4 Min Read
LOS ANGELES (Hollywood Reporter) - The peril in building a murder-mystery thriller around a journalist is that a reporter is not a cop.
Yet just about everything Russell Crowe does in "State of Play," as D.C. reporter Cal McAffrey, relates to police work, not journalism.
He visits an autopsy room, withholds evidence, grills a witness in a safe house, comes under fire more than once and targets the perp. He seldom has deadlines or writes anything.
The highly implausible "State of Play" makes for a reasonably good edge-of-your-seater as long as disbelief is suspended regarding everyone's professional duties. Reporters, cops, politicians -- no one behaves as they should. Perhaps that's what writers Matthew Michael Carnahan, Tony Gilroy, Billy Ray and director Kevin Macdonald ("The Last King of Scotland") have in mind, though: that the roles of the media, government and police have grown fuzzy as everyone is motivated more by self-interest and self-preservation than any search for the truth.
The film, which Universal releases Friday (April 17), looks like a solid mid-range performer at the box office. It offers nothing we haven't seen before in terms of chases, intrigue and betrayals, so for all its A-list cast and production values, the film comes off as routine.
The script is based on a 2003 BBC miniseries written by Paul Abbott, which took place in London, and the transition to the U.S. capital works surprisingly well. Today's bloggers nicely imitate Fleet Street, and a politician with zipper issues and concerns over private defense contractors are virtually ripped from the headlines.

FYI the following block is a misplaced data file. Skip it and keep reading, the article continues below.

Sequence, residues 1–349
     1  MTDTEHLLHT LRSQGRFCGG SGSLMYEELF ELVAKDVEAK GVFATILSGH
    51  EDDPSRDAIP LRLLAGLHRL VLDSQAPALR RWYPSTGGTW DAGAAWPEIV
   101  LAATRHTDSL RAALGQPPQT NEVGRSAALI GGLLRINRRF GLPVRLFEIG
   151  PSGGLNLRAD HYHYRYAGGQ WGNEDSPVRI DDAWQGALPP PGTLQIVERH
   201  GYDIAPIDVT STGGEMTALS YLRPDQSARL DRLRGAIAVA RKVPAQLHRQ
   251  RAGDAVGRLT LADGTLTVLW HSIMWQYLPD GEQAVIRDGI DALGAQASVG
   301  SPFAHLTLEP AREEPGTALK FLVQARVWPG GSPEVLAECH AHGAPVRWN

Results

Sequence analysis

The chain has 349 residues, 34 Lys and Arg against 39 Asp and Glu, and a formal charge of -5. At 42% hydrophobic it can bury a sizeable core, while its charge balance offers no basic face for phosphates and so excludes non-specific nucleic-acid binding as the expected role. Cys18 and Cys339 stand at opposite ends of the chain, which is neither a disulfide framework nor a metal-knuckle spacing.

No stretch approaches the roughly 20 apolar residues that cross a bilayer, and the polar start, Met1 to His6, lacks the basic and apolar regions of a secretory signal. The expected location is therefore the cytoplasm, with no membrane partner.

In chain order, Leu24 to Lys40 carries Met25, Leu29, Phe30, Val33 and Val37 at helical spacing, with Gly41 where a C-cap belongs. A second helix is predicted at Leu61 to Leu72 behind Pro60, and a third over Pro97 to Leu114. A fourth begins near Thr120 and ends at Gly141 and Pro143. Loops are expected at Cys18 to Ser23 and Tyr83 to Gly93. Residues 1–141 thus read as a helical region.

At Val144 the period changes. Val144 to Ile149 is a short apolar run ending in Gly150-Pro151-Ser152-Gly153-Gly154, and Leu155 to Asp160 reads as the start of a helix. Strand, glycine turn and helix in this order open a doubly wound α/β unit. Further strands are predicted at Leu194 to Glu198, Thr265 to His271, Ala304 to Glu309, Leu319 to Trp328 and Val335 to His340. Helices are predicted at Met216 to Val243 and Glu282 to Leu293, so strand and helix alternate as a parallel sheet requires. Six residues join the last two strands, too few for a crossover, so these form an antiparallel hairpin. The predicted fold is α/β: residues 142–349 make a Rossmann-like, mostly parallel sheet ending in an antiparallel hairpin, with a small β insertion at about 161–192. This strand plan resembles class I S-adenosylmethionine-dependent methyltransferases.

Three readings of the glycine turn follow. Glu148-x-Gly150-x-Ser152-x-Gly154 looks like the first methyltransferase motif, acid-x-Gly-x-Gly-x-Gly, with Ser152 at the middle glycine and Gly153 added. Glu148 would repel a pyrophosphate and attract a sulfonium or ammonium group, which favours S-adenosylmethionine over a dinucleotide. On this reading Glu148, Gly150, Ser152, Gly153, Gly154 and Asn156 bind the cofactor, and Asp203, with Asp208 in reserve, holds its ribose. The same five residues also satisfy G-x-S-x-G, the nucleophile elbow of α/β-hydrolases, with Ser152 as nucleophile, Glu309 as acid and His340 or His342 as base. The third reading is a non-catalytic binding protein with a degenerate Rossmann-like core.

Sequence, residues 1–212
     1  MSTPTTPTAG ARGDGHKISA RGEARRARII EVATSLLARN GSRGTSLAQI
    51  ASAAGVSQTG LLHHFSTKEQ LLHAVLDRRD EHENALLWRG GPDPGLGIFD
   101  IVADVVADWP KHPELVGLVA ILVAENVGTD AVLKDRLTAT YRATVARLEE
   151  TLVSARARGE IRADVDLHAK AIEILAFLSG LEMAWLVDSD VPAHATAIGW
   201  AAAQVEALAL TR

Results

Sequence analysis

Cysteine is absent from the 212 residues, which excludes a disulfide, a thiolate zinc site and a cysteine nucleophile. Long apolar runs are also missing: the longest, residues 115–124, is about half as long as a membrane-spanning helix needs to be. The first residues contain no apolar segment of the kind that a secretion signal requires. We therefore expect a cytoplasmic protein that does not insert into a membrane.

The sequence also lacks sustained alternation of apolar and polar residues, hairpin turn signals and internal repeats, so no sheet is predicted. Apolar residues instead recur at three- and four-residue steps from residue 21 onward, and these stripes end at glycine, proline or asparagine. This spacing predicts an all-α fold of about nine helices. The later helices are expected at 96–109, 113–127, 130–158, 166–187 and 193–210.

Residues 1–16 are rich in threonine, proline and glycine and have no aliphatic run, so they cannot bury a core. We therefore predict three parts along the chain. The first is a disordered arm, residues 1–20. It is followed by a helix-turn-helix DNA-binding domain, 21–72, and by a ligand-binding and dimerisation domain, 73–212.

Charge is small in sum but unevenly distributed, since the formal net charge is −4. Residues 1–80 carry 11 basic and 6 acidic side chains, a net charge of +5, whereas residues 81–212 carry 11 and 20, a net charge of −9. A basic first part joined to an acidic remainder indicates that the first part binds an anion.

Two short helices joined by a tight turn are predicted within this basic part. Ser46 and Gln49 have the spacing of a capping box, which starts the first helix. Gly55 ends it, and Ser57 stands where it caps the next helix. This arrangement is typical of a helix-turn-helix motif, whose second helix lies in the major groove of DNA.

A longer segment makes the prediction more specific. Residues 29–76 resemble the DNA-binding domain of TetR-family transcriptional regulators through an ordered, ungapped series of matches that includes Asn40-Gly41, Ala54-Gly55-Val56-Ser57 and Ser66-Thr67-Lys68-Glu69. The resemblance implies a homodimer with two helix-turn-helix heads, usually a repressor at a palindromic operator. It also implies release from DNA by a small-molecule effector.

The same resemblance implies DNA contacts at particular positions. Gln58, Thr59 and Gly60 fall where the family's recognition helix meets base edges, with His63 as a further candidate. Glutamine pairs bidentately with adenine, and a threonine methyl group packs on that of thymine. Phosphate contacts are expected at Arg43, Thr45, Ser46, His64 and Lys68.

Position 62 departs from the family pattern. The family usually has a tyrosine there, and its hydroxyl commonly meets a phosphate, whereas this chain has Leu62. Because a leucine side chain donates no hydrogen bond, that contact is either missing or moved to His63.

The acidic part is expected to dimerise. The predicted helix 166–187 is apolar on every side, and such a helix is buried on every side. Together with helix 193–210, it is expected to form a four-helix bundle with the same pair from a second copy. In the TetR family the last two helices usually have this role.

Both productions feature these key ingredients: The seemingly random deaths of a young junkie shot execution style and a legislator's attractive research assistant in a subway accident that might be a suicide. The deaths prove to be related, and a reporter takes advantage of -- exploits? -- an old friendship with a legislator and his wife to get insider information. It's then a race among a news outlet, the police and government minions to ferret out the truth, though at least one of those estates probably wants the truth buried.
Crowe's Cal went to school with rising Congressman Stephen Collins (Ben Affleck), knows his wife (Robin Wright Penn) better than a friend should and has an editor (Helen Mirren) under pressure from new corporate bosses. Consequently, there are so many conflicts of interest and ethical breaches contained within his every move that one ceases to keep track.
The film pays lip service to the fading power and resources of an old-fashioned newspaper but prefers to wallow in nostalgia for pre-Internet days. Cal is paired with what once would have been a "cub" reporter but is now a blogger, Della (Rachel McAdams). He -- and the movie -- think ill of bloggers; one line of dialogue makes this link: "bloodsuckers and bloggers."
This gives the two journalists' partnership its conflict, but the writers should have paid more attention to how bloggers operate and how that affects a newsroom. The story these two work on for days as the mystery unravels would have leaked here and there on an hourly basis, destroying their "scoop." Della should be posting as the investigation goes on, driving Cal nuts but giving the film a true ticking clock.
Gaps in logic are everywhere. The dead junkie's girlfriend hand-delivers crucial evidence to Cal. How does she know to go to him? The final twist might be one too many, something a writer dreams up rather than a credible outgrowth of the character relations as developed to that point.
The film's melodrama is too intense for the main actors, forcing everyone to histrionic levels and undermining performances. Consequently, better work appears in smaller roles, such as Wright Penn's political wife, Jason Bateman as a PR hack and Jeff Daniels as a smarmy congressman.
Tech credits are solid across the board.